BSA is assuming two things: 1) Either current volunteers and COs will take on these units and provide the services they do today, or 2) A new set of volunteers will spring up and help roll this out. Both of these assumptions are short-sighted on BSA's part.

Experience with the current program shows that new volunteers are very hard to come by. We get new parents joining Cubs, Boy Scouts and Venturing all the time, but I can tell you the number of new adult volunteers is not increasing at all. It is quite laborious to recruit, train and manage volunteers in the current program. BSA is assuming that adding girls will somehow create a new pool of applicants. This is no more true than recruiting boys will get more adults to volunteer.

Adults volunteering in the BSA has gone DOWN year-on-year. The decline has DOUBLED since 2013!! What amazing program has BSA developed that is miraculously going to get the parents of girls to all of a sudden volunteer??

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25 minutes ago, EmberMike said:

Scouts UK has seen numbers go up. 

Neither case is enough data to point to co-ed being good or bad for business. 

The UK didn't see the rise for over 30 years. And the Canadian case is a great example of the BSA is basically following the same model.

Barry

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5 minutes ago, WisconsinMomma said:

I am not sure of your role in Scouting, but if you have extremely anti-co-ed feelings you may want to step back from spreading those opinions among the youth.  If the boys are doing their own camp selection and annual planning, maybe they will make different choices, and whatever they choose should be supported. 

Sorry, but why should he step down to avoid spreading his ideas, and yet others here with different ideas are not offered the same option to step away to avoid spreading their ideas? :rolleyes:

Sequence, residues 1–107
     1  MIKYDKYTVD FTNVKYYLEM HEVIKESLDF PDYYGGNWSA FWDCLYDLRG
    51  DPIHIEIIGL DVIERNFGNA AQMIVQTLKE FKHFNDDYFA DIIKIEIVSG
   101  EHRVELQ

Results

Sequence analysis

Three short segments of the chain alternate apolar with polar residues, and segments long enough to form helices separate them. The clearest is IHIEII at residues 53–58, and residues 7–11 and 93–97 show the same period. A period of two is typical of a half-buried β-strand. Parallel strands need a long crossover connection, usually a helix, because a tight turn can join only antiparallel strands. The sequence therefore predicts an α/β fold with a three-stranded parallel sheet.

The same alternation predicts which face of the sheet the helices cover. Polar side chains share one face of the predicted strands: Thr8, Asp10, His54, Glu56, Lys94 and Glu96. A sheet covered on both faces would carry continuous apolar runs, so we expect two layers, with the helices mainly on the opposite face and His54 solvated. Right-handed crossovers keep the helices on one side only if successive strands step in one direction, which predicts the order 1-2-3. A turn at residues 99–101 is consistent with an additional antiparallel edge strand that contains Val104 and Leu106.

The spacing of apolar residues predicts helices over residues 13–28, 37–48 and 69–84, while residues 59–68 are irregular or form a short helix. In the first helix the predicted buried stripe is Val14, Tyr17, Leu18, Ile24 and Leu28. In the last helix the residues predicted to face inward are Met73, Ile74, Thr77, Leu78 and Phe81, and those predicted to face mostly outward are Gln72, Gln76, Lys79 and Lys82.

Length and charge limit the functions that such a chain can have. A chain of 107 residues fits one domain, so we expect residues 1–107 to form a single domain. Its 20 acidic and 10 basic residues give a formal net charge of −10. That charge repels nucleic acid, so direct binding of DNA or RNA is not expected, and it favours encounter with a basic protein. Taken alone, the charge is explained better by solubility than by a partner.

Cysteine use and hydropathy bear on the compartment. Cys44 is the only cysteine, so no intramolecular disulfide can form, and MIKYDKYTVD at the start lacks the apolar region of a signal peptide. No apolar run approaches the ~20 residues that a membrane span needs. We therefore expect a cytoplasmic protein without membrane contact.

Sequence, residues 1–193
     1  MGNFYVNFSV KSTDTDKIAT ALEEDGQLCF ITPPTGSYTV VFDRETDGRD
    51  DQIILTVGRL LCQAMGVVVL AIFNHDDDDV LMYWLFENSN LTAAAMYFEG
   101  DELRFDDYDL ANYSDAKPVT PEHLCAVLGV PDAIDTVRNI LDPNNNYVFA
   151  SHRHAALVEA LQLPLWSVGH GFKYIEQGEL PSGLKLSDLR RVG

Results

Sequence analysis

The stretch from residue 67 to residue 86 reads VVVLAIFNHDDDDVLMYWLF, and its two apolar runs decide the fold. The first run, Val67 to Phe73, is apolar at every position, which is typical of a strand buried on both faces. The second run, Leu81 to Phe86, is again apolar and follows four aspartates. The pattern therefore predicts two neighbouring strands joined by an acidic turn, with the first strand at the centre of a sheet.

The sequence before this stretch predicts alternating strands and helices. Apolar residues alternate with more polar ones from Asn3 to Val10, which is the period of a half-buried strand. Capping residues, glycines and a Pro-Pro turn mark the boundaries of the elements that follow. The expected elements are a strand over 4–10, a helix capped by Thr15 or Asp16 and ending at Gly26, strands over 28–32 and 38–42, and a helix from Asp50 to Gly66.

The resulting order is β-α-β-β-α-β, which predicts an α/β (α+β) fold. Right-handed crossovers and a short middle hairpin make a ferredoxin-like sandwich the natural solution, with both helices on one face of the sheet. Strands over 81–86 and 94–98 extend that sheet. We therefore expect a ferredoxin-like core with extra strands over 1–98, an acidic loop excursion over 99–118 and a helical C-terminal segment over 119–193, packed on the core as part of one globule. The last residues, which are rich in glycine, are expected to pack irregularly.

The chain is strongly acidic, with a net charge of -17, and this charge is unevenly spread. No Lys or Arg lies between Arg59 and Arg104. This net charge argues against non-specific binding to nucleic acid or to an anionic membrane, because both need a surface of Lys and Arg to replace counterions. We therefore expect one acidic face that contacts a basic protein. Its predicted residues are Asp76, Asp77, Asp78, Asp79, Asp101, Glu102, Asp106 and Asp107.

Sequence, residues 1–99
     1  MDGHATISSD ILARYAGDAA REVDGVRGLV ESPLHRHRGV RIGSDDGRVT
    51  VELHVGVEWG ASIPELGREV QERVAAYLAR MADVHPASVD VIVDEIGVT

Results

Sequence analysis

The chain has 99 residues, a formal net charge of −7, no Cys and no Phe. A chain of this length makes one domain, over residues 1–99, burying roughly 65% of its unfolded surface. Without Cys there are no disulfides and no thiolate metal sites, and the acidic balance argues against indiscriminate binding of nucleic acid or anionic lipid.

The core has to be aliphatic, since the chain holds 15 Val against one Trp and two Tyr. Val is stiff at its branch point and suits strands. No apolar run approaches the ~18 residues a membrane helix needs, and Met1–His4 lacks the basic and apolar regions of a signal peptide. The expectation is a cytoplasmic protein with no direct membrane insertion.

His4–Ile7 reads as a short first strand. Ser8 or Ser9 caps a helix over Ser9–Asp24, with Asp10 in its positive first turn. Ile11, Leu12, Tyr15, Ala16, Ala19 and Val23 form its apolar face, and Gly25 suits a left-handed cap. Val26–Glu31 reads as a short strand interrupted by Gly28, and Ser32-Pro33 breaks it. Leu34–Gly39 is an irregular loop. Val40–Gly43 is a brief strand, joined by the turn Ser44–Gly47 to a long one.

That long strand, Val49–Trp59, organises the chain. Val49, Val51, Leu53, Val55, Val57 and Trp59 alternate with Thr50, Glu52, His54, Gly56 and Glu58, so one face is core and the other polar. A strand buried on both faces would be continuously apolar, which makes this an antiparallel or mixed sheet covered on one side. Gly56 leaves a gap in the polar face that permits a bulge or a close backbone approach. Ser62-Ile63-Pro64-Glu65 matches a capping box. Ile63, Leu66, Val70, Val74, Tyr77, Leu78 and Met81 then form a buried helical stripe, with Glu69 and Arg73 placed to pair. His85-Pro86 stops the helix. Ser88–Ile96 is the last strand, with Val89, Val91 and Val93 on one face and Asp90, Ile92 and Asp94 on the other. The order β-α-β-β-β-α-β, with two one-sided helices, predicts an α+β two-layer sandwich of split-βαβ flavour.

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My personal opinion is the program will change dramatically, not so much by admitting girls, but from the adults that will join as a result of all the membership changes. Most of the adults will have very little understanding or experience with Patrol Method, so while it will be set up in the spirit of the handbooks, the adults won't let it process toward the design intention of the method. The adults that do know will be few and far between. If they don't know what they are looking for, they won't  know how to drive toward it.

Barry

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Just now, Eagledad said:

The UK didn't see the rise for over 30 years. And the Canadian case is a great example of the BSA is basically following the same model.

Barry

My point was that picking 2 organizations that make up about 2% of scouts worldwide doesn't tell us much.

Are they following the same model? I thought Scouts Canada was fully co-ed. No separate dens/patrols/troops/packs. And their organizational structure is kind of different from the BSA already. More traditional BP Scouts model than BSA's program.